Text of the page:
In general, a buy-sell agreement is a contract between the owners of a company and the company which both restricts the transfer of ownership and facilitates the sale of an ownership interest. A buy-sell agreement provides a mechanism for an owner to sell his or her ownership interest in a closely held corporation or family company in which no public market for the ownership interest exists. It also protects the company and the remaining owners from an unwanted or disruptive third-party becoming an owner by placing restrictions on the sale of an ownership interest.
While a buy-sell agreement can restrict the transfer of ownership, an ownership interest in a company is personal property and therefore unreasonable restrictions on the transfer of awnership interest are void. A common and enforceable restriction includes requiring a selling owner to first offer his or her ownership interest to the company and the remaining owners before selling to a third party (rights of first refusal or option rights). Depending on the terms of the buy-sell agreement, the company or the remaining owners can then purchase the ownership interest at a price set by the buy-sell agreement or under the terms of the proposed sale to the third party. Such provisions allow the company and the remaining owners the opportunity to purchase the ownership interest and to control who becomes an owner of the company.
While rights of first refusal or option rights are generally enforceable as a matter of law, an absolute prohibition on the transfer of ownership is not, as it would unreasonably restrict the ability of an owner to sell his or her ownership interest. It is less clear whether provisions less restrictive than absolute prohibitions but more restrictive than rights of first refusal are enforceable. The North Dakota Supreme has provided some guidance on how it will analyze transfer restrictions and has shown some leeway in imposing restrictions more severe than just rights of first refusal.
Under North Dakota law, a transfer restriction is enforceable if it is “not manifestly unreasonable under the circumstances.” N.D.C.C. § 10-19.1-70. Although this statutory language appears lenient, North Dakota courts will construe provisions restricting an owner’s right to transfer his or her ownership strictly and disfavor such provisions. Sorlie v. Ness, 323 N.W.2d 841, 844-45 (N.D. 1982). Yet, this does not mean that transfer restrictions are unlikely to be enforced: North Dakota courts recognize the importance of protecting a company and the remaining owners from “undesirable influences” and will not disregard buy-sell provisions merely because they impose a hardship on the selling party. Id. The Sorlie court, for example, recognized that transfer restrictions allow a company and the remaining owners to preserve harmonious owner relationships and refused to strictly construe provisions making transfer restrictions applicable to sales after an owner’s death. Id. at 843-44 & 848-49. Instead, the Sorlie court held that the transfer restrictions survived an owner’s death and continued to govern the successors-in-interest’s sale of the ownership interest to a third party. Id. As Sorlie illustrates, the courts will look to the circumstances and purpose of the restriction and weigh the protection the restriction provides against the “general policy against restraints on alienation,” rather than just strictly construing all transfer restrictions. Id. at 845 (quoting Fayard v. Fayard, 293 So.2d 421, 423 (Miss. 1974)).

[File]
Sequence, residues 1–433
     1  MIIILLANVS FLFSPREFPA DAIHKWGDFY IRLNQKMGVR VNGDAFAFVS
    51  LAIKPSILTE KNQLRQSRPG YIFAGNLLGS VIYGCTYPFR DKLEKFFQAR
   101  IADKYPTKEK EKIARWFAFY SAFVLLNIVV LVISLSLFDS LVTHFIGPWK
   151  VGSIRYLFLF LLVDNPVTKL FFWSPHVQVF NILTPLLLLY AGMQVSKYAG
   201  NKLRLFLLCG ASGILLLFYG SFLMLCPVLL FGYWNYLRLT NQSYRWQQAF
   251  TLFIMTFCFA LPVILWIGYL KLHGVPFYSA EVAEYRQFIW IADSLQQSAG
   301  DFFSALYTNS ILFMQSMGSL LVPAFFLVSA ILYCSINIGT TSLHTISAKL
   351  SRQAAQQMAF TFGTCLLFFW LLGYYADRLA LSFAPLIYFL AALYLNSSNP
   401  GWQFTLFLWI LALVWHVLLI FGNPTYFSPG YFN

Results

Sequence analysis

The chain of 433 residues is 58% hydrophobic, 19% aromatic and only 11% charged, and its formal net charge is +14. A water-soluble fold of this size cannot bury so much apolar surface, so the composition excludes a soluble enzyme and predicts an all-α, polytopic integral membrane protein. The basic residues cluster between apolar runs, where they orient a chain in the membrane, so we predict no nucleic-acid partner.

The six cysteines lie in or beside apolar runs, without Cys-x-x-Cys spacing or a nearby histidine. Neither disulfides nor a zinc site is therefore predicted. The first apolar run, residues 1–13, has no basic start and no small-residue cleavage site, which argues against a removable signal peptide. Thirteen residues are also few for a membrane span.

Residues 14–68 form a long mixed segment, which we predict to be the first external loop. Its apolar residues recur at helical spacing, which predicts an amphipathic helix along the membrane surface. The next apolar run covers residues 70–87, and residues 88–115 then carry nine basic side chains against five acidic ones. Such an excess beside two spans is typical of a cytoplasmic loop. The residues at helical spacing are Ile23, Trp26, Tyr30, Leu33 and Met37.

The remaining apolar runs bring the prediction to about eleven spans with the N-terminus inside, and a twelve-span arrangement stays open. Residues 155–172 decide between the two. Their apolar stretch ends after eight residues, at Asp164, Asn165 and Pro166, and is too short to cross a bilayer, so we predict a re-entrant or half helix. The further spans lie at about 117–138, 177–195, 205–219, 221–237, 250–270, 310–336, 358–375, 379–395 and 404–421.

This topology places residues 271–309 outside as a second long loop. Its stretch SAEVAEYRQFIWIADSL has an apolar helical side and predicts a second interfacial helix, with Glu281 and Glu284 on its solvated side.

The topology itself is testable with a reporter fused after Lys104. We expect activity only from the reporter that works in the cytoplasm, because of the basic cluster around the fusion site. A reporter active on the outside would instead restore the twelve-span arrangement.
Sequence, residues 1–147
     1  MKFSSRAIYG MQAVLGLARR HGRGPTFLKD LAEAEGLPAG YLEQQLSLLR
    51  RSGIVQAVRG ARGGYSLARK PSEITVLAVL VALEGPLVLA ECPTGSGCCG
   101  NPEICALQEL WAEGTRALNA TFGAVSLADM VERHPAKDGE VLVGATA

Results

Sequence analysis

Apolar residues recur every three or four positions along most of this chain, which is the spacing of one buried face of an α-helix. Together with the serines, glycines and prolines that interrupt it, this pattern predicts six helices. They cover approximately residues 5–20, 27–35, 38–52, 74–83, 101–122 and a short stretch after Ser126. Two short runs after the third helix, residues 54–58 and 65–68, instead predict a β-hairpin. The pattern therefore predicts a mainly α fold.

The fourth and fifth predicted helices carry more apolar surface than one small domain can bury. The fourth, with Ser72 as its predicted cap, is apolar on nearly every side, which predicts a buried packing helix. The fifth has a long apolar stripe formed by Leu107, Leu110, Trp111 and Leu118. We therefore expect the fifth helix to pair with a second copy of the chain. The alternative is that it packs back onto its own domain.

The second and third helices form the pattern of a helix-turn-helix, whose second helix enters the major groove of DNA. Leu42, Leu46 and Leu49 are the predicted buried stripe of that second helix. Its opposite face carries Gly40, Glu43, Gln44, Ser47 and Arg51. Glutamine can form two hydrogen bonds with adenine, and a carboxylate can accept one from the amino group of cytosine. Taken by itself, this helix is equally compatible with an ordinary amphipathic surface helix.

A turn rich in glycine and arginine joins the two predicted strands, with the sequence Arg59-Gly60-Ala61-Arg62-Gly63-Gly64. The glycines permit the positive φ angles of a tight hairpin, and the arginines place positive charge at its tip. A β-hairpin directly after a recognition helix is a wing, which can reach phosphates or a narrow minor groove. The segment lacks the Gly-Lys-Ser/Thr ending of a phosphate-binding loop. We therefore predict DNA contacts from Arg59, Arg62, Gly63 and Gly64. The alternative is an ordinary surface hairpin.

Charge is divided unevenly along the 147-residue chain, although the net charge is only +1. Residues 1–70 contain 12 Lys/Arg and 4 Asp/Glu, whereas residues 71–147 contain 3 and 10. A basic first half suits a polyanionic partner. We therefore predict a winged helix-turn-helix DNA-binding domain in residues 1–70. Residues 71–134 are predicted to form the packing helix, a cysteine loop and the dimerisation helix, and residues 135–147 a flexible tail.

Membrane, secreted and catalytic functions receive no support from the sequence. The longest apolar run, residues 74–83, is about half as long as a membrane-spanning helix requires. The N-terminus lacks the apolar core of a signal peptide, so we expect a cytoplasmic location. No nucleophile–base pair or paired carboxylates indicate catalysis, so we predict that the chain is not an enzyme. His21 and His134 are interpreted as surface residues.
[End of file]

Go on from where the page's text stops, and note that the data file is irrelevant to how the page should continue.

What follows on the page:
In Fayard, which the North Dakota Supreme Court cited approvingly in Sorlie, the court identified seven factors to be considered in determining the reasonableness of a transfer restriction:
- Size of the company
- Degree of restraint on the power to alienate
- Time the restriction is to remain in effect
- Method used in determining the transfer price
- Likelihood of the restrictions contributing to the attainment of company objectives
- Possibility that a hostile owner would injure the company
- Likelihood of the restriction promoting the best interest of the enterprise as a whole
Fayard, 293 So.2d at 424.
Throughout these factors, the general theme is that the more protection the restriction provides to the company and the remaining owners, the more reasonable the restriction will appear to be. While the fairness of the restriction, such as determination of price or the length of time the restriction is effective, are considered, the factors mainly focus on the benefit the restriction provides to the company compared to the severity of the limits it places on an owner’s right to sell his or her ownership interest. The greater the protection achieved by the restriction, the more likely a highly restrictive provision will be enforced.
As the circumstances surrounding a transfer restriction will weigh heavily in determining whether it’s reasonable, there is no bright line rule to gauge the enforceability of an unusual transfer restriction. However, the factors identified in Fayard and the North Dakota Supreme Court’s balancing of the protection afforded by the restriction against its severity provide guidance in anticipating whether it will be enforced. When drafting buy-sell agreements and including transfer restrictions beyond a simple right of first refusal, the specific protection provided by the restriction should be identified and the above seven factors should be considered to evaluate whether the provision is too restrictive or whether it could be made more restrictive to provide greater protection to the remaining owners and the company.
Needless to say, a buy-sell agreement can not only be complicated, but if properly written, an extremely valuable document for business owners. If you feel your company could benefit from a buy-sell agreement, contact Steve Welle, an experienced business attorney at O’Keeffe O’Brien Lyson Attorneys in Fargo. Steve can be reached at 701-235-8000 or toll free at 877-235-8002.